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Martin Truex hopes homecoming at Dover brings change of luck

By
The Sports Xchange
Martin Truex Jr. .UPI/Joe Marino-Bill Cantrell
Martin Truex Jr. .UPI/Joe Marino-Bill Cantrell | License Photo

DOVER, Del. -- After last Saturday night in Kansas, Martin Truex Jr. needed a home game, and Dover International Speedway -- the site of Sunday's AAA 400 Drive for Autism (1 p.m. ET on FS1) -- is the closest NASCAR track to his native New Jersey.

"It's always good to come here," Truex said. "It's my home track. I love coming up to this race track for a lot of reasons. Of course, being close to home is always neat, but a lot of friends and family come to this race, so it's always neat to see them.

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"Most importantly, I love the race track. Our cars have been fast this year, and I'm looking forward to hopefully going back to Victory Lane, that's what it's all about, that's what we're here for. I'm looking forward to the opportunity."

Dover has a special place in the fabric of Truex's career. In 2007, the driver of the No. 78 Furniture Row Racing Toyota collected the first of his three NASCAR Sprint Cup Series victories, leading 216 of the 400 laps and winning by 7.355 seconds.

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Since then, however, Truex has led more than 100 laps in a race on seven different occasions -- and is 0-for-7 in converting those races into wins. The latest example came last Saturday at Kansas Speedway, where Truex led 172 laps in a dominant car but lost the race when a broken bolt prevented a tire from mounting properly and cost him an extra pit stop.

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The saving grace is that, this year, the Furniture Row car has been consistently fast, and Truex has rebounded from the disappointment.

"It's a lot easier than if you weren't fast and let one slip away and felt like your chances or the opportunity would be hard to get again or it was going to take a while to get that opportunity again," said Truex, who was seventh on the speed chart in Saturday's final Sprint Cup practice.

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"It's definitely easier when you're running good, and you feel like every time you show up at the race track there's an opportunity, (and) you can get up there and lead some laps and have a shot at winning. It definitely helps."

But there's no medicine like winning, and for Truex, no better place to do it than at Dover.

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THREE NASCAR PERSONAGES MAKE TIME MAGAZINE LIST

It's only appropriate that Time Magazine's recent list of the "Top 10 Most Influential Car People in Sports" would include three individuals who have made their respective marks in the NASCAR ranks.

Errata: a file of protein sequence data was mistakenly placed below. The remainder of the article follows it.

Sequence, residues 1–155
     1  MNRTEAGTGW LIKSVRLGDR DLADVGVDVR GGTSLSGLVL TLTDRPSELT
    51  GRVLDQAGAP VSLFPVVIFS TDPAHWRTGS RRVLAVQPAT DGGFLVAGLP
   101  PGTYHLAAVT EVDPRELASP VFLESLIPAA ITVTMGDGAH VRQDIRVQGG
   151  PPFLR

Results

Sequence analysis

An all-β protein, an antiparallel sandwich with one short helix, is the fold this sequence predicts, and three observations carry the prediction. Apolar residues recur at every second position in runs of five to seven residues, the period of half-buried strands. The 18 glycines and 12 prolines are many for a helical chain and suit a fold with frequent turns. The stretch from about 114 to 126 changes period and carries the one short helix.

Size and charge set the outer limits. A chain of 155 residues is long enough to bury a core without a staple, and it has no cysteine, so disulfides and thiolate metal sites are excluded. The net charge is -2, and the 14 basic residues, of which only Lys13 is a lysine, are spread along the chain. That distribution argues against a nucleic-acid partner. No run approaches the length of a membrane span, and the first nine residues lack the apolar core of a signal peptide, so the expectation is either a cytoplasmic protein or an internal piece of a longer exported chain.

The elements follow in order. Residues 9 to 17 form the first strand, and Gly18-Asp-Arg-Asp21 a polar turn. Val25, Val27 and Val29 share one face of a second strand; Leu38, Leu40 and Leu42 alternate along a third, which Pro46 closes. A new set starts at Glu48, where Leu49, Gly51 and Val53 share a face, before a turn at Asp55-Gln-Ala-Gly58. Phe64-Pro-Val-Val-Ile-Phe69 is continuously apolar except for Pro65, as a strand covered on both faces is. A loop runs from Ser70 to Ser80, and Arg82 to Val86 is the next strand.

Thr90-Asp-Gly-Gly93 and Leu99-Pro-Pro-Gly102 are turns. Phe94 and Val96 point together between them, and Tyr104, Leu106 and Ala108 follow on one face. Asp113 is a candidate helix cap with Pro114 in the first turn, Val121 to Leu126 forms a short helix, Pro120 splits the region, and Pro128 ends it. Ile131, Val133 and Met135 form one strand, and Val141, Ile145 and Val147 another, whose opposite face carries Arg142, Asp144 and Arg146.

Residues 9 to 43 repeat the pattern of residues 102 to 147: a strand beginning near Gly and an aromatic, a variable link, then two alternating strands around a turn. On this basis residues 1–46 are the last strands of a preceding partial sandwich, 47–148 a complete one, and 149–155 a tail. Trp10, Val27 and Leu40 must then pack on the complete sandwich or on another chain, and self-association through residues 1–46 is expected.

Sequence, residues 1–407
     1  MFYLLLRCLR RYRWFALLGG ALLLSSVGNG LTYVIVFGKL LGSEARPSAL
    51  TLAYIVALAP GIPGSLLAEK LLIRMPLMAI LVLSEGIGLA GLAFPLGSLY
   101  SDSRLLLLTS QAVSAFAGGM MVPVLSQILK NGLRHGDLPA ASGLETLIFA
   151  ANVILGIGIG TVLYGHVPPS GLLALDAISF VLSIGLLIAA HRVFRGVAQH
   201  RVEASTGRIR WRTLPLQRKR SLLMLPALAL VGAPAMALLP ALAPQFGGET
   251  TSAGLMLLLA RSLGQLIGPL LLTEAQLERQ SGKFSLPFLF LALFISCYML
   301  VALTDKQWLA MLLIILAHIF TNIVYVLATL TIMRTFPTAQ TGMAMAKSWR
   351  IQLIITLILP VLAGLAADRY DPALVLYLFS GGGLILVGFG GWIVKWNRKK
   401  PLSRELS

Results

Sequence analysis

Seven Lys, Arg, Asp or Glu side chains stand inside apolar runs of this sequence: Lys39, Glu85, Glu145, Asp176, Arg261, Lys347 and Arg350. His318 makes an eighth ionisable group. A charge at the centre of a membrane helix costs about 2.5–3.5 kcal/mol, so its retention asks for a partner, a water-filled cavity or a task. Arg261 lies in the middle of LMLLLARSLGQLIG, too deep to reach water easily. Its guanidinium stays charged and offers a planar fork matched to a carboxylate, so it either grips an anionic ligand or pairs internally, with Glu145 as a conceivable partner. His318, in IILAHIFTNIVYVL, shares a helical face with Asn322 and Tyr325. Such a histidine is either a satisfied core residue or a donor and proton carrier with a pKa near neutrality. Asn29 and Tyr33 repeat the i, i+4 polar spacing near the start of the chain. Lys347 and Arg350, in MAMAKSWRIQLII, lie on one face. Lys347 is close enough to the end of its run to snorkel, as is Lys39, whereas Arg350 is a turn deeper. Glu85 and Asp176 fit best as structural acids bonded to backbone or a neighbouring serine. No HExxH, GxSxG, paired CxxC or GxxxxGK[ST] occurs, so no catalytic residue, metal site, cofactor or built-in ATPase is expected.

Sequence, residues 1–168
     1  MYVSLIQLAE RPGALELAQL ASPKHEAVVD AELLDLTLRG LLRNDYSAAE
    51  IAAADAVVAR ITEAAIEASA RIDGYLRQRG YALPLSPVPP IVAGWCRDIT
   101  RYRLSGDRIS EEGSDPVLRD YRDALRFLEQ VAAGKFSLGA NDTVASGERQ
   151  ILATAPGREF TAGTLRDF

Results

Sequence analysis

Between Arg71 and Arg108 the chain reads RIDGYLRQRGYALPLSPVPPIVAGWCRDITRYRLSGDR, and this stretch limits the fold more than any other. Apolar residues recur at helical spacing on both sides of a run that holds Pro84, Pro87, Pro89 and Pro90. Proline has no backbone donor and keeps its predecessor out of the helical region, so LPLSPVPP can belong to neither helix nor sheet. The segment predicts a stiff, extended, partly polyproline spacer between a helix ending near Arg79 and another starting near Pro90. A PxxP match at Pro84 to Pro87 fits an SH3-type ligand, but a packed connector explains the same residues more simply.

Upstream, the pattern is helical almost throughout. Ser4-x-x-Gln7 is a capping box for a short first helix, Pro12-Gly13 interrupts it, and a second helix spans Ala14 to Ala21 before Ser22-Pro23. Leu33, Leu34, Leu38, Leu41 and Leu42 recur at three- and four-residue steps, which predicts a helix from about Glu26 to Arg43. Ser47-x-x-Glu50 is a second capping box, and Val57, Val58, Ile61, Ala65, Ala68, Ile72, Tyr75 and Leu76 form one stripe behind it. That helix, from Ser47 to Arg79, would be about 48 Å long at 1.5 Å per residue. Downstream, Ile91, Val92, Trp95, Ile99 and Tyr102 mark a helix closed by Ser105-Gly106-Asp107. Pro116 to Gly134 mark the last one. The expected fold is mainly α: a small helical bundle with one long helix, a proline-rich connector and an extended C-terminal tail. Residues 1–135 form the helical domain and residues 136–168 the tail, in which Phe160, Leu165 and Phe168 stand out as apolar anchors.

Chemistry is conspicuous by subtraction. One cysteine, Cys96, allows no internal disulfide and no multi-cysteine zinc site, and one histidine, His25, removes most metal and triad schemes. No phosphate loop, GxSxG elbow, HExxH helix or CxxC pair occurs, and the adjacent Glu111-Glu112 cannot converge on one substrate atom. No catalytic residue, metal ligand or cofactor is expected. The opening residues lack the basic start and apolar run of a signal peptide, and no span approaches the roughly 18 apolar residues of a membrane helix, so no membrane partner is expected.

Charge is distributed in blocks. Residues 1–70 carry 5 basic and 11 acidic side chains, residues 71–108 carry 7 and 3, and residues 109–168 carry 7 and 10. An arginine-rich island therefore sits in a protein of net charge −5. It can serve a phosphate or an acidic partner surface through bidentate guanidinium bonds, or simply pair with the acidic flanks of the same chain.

Brian France, chairman and CEO of the sanctioning body, was No. 5 on the list because he "puts cars in front of more eyeballs than just about anyone else in sports."

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Stewart-Haas Racing co-owner Gene Haas followed at No. 6 for joining forces with Tony Stewart to make his organization a "top-tier Sprint Cup contender." Also worth mentioning is the over-achieving Haas F1 team, which has already scored championship points in its debut season in Formula One racing.

Dale Earnhardt Jr. weighs in at No. 7 because "one of every five marketing dollars spent on NASCAR is spent on Dale Earnhardt Jr. One visit to the Fanatics Trackside Superstore at any NASCAR track is all you need to confirm that assertion.

For the record, here's the full list, topped by reigning F1 champion Lewis Hamilton:

1. Lewis Hamilton, 31; Formula One race car driver

2. Ken Block, 48; Global Rallycross Driver, Hoonigan Racing Division; founder, D.C. Shoes

3. Floyd Mayweather, 39; Retired boxing champion

4. Alex Vega, 41; Owner of Auto Firm in Miami, Florida

5. Brian France, 53; Chairman and CEO of NASCAR

6. Gene Haas, 63; Owner, Stewart-Haas Racing and Haas F1

7. Dale Earnhardt Jr., 41; Driver, #88 car, Hendrick Motorsports

8. C.J. Wilson, 35; Pitcher, Los Angeles Angels and owner of C.J. Wilson Racing

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9. Yoenis Cespedes, 30; Outfielder, New York Mets

10. David Beckham, 41; Retired soccer player

SHORT STROKES

Two different Joe Gibbs Racing Toyotas led Saturday's NASCAR Sprint Cup Series practices. Kyle Busch topped the speed cart in the morning session with a lap at 157.839 mph. Teammate Denny Hamlin, who was second to Busch in the first practice, was fastest in Happy Hour with a lap at 157.329 mph. ... None of the three drivers who rolled out backup cars after crashing in Friday's practice cracked the top 15 in final Sprint Cup practice. Jamie McMurray was 17th at 154.586 mph. Stewart-Haas Racing teammates Tony Stewart and Danica Patrick were 21st and 28th, respectively.

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